This paper studies the rise and fall of “Mini” options that are especially catered to retail investors for popular but high-priced securities. Using transaction-level data, we find that transaction costs of Mini options are much higher than those of standard options and the difference cannot be fully explained by cost-related determinants. Furthermore, we find evidence of price discrimination against retail investors from analyses of price elasticities of option traders, an event-study of changes in bid-ask spreads around earnings announcements, and comparisons of trade prices paid by Mini and standard option traders for the same security at approximately the same time.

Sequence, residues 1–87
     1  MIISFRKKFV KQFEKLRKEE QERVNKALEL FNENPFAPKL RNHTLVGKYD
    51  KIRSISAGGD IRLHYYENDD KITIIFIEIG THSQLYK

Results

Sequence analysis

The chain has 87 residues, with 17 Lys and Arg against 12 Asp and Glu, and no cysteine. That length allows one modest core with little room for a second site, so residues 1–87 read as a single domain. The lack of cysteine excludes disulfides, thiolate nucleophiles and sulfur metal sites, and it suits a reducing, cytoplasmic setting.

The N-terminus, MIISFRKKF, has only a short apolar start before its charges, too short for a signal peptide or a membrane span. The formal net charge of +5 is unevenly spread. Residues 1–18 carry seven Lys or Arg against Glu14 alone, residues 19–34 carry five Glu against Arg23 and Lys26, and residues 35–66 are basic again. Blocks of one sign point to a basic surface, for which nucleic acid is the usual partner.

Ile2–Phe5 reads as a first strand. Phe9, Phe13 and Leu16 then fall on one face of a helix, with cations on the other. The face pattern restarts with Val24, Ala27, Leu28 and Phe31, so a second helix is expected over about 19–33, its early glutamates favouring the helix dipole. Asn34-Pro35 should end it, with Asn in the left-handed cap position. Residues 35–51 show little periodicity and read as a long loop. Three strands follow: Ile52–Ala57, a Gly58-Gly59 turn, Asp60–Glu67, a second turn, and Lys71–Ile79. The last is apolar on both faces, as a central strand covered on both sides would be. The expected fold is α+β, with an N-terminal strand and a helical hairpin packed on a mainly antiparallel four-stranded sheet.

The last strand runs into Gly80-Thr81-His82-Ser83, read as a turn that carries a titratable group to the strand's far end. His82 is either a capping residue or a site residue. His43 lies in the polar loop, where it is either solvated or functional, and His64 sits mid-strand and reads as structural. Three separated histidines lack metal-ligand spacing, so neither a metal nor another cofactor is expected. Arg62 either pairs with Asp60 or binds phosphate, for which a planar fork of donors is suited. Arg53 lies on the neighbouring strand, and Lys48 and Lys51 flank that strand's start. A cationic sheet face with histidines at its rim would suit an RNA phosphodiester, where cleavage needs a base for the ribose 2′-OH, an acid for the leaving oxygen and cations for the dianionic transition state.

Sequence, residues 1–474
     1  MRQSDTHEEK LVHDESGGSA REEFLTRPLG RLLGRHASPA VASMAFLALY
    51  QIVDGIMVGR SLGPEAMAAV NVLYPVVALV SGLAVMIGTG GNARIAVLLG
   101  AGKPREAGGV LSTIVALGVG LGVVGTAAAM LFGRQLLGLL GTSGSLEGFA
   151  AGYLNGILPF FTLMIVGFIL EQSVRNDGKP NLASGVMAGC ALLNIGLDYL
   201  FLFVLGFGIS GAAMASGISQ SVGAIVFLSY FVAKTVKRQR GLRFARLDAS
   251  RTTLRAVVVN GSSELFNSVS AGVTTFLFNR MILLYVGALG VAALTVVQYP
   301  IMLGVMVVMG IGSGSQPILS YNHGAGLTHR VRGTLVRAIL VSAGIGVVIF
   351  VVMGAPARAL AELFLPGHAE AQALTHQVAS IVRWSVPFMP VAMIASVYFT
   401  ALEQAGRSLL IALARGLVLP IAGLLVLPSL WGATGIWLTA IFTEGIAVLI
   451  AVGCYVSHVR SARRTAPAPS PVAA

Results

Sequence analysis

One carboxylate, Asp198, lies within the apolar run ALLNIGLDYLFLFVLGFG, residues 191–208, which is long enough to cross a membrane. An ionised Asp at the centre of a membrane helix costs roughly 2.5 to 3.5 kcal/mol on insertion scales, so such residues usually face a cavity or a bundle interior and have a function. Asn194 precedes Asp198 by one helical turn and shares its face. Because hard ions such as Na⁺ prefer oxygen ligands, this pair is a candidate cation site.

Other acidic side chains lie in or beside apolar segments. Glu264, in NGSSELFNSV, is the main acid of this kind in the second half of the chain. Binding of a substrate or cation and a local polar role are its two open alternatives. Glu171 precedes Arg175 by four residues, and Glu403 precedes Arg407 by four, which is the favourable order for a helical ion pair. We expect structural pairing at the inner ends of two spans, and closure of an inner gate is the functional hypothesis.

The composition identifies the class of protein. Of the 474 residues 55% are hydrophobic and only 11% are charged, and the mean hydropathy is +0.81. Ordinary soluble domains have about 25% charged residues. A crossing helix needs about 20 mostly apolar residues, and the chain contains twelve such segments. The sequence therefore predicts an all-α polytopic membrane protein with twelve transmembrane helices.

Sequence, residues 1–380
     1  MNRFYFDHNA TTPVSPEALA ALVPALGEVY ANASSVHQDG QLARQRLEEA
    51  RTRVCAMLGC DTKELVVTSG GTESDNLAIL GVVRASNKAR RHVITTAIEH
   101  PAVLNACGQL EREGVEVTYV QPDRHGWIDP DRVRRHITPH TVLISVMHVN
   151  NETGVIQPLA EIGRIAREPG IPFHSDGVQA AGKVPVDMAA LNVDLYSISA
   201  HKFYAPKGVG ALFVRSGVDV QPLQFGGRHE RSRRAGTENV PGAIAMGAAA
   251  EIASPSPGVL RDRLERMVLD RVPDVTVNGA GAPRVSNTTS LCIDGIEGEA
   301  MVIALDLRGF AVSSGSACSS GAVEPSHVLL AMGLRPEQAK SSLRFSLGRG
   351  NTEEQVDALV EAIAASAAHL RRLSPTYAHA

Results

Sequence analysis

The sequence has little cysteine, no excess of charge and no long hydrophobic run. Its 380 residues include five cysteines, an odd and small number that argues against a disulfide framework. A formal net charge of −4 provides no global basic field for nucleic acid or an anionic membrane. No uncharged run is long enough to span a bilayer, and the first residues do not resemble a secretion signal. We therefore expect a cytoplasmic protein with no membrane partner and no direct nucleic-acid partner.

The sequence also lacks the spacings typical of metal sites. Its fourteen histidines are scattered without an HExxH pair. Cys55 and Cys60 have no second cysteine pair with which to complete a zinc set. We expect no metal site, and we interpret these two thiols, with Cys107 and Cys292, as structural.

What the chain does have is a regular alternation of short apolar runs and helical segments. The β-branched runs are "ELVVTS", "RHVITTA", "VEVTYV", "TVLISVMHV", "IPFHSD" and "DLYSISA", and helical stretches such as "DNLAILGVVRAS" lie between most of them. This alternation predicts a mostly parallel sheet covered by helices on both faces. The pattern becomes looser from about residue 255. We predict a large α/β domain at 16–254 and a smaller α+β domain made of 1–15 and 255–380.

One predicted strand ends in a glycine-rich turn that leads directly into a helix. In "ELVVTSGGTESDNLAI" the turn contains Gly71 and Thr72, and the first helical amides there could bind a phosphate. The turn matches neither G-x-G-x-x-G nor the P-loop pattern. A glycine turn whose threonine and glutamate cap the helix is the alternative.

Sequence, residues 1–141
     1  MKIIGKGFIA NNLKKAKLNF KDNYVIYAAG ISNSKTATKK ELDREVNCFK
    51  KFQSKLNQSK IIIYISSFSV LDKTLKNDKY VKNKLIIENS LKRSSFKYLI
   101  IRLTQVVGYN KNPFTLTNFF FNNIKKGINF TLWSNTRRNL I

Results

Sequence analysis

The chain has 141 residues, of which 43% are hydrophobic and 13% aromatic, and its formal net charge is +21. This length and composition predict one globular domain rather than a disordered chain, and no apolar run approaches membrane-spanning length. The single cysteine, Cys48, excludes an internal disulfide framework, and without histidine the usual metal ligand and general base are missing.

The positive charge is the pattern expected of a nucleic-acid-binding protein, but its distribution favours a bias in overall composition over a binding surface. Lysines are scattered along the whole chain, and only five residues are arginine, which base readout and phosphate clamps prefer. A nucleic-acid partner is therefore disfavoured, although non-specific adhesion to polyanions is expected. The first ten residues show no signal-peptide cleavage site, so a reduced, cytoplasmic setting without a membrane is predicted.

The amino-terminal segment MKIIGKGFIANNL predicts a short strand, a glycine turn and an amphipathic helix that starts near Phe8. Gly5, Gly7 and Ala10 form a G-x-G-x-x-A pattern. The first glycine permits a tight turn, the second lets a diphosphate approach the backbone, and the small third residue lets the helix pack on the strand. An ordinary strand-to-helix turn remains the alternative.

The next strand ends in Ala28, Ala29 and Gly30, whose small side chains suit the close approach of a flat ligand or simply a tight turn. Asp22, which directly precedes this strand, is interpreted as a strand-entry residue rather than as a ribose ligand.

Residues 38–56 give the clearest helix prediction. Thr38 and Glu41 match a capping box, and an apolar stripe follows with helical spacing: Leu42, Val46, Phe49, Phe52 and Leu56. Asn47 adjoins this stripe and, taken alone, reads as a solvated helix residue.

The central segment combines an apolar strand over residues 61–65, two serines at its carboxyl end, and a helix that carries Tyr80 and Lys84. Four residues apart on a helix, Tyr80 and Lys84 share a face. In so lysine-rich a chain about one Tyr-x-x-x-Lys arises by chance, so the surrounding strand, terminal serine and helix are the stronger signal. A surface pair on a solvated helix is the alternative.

All Science Journal Classification (ASJC) codes
- Economics and Econometrics
- Earnings announcements
- Price discrimination
- Retail investors